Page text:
A dynamical nonequilibrium temperature has been proposed to describe relaxational equations for the heat flux. This temperature provides an alternative description to the Maxwell-Cattaneo equation. In the linear regime and in bulk systems both descriptions are equivalent but this is not so when nonlinear effects are included. Here we explore the influence of nonlinear terms on the phase speed of heat waves in nonequilibrium steady states in both theoretical models and we show that their predictions are different. This could allow to explore which description is more suitable, when experiments on these situations will become available. Furthermore, we have analyzed a nonlinear and nonlocal constitutive equation for the heat flux and we have shown its analogy with the Navier-Stokes equation in the regime of phonon hydrodynamics in nanosystems. This analogy allows one to define a dimensionless number for heat flow, analogous to the Reynolds number, and to predict a critical heat flux where nonlinear effects could become dominant. © 2010 The American Physical Society.

Nonequilibrium temperatures, heat waves, and nonlinear heat transport equations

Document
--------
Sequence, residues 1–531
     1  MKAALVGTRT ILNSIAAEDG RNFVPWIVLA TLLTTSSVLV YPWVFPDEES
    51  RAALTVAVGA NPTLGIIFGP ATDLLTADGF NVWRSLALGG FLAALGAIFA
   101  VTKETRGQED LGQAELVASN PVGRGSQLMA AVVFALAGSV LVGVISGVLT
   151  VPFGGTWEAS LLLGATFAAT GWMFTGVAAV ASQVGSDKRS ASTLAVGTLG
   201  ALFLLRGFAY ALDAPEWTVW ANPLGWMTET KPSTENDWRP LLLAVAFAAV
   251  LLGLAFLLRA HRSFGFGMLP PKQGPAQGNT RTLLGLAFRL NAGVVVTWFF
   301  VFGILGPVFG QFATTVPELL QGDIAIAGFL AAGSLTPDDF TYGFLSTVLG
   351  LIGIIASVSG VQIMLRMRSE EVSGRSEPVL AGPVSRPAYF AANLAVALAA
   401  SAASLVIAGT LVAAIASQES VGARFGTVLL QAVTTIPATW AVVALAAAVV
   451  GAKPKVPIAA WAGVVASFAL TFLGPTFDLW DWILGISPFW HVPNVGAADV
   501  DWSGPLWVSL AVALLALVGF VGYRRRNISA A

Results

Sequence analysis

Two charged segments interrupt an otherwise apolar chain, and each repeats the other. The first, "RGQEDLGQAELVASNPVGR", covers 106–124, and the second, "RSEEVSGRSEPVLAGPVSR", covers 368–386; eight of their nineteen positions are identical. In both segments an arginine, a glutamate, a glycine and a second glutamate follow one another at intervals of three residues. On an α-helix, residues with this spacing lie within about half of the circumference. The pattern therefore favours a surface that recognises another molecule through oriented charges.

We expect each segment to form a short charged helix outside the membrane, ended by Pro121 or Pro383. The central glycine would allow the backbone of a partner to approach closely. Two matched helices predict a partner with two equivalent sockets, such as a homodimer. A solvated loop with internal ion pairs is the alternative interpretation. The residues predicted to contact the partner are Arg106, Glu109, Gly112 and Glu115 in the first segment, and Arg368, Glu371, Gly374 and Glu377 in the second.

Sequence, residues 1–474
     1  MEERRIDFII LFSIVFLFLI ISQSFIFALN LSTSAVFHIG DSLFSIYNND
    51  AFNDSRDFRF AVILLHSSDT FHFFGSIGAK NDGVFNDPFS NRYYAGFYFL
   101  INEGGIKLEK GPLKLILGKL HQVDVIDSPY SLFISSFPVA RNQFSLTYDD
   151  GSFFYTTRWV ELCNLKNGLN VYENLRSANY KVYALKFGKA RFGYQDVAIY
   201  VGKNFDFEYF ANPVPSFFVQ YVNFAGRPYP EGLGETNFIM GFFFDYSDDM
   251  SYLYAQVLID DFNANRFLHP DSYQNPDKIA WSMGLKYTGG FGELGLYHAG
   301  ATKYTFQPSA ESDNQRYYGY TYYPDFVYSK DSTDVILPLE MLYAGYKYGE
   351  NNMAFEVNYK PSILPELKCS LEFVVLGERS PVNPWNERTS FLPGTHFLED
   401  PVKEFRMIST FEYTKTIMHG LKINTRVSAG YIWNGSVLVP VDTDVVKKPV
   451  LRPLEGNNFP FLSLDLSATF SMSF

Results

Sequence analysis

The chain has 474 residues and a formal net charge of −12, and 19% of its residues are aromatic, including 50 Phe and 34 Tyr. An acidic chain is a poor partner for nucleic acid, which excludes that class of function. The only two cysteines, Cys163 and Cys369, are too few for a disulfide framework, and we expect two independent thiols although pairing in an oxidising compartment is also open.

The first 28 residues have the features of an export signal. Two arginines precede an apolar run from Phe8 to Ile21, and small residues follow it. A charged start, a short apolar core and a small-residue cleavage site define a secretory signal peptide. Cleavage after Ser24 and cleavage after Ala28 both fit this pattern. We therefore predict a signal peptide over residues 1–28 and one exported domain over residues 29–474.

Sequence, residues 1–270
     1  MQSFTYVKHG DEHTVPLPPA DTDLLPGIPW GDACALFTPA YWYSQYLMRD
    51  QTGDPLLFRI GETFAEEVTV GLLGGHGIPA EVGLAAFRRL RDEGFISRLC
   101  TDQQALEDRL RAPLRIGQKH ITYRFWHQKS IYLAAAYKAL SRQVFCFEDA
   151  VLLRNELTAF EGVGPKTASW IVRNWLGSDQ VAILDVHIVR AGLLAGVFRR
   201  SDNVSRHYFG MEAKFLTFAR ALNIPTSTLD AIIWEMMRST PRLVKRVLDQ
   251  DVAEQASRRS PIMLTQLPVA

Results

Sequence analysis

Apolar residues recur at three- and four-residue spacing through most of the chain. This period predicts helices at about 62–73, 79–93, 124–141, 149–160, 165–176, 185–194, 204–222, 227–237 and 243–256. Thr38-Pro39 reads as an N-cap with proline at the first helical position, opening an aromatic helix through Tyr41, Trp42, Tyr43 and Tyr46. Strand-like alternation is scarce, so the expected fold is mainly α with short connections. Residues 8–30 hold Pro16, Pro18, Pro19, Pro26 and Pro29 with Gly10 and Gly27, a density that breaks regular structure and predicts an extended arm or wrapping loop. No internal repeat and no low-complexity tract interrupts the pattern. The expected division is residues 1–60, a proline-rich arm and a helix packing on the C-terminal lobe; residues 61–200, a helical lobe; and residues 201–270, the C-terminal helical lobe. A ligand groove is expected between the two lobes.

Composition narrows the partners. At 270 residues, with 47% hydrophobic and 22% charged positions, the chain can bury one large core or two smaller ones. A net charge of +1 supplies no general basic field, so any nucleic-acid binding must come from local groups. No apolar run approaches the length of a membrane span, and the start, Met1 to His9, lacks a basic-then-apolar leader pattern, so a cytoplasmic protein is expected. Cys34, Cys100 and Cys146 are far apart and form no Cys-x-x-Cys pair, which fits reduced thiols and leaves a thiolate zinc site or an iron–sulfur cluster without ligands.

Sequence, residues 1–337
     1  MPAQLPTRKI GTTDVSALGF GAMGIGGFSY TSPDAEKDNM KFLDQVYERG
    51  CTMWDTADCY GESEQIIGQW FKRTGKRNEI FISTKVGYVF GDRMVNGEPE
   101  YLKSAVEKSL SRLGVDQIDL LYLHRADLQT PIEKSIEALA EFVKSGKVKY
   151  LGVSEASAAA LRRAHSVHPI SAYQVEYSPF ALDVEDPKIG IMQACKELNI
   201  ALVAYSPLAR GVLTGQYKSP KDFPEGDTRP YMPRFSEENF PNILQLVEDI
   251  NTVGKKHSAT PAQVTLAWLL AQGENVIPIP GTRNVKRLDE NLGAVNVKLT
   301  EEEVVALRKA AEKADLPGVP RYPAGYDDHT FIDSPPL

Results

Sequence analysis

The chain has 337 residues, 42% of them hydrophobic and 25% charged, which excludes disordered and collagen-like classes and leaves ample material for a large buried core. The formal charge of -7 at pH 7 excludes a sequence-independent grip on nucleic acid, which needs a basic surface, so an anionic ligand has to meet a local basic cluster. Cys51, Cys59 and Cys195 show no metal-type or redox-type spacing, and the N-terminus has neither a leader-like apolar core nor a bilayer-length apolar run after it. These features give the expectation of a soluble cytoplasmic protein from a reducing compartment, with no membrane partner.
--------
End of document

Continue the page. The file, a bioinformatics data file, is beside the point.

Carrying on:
SELLITTO, ANTONIO;
2010

Abstract

A dynamical nonequilibrium temperature has been proposed to describe relaxational equations for the heat flux. This temperature provides an alternative description to the Maxwell-Cattaneo equation. In the linear regime and in bulk systems both descriptions are equivalent but this is not so when nonlinear effects are included. Here we explore the influence of nonlinear terms on the phase speed of heat waves in nonequilibrium steady states in both theoretical models and we show that their predictions are different. This could allow to explore which description is more suitable, when experiments on these situations will become available. Furthermore, we have analyzed a nonlinear and nonlocal constitutive equation for the heat flux and we have shown its analogy with the Navier-Stokes equation in the regime of phonon hydrodynamics in nanosystems. This analogy allows one to define a dimensionless number for heat flow, analogous to the Reynolds number, and to predict a critical heat flux where nonlinear effects could become dominant. © 2010 The American Physical Society.
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Utilizza questo identificativo per citare o creare un link a questo documento: http://hdl.handle.net/11386/4668130
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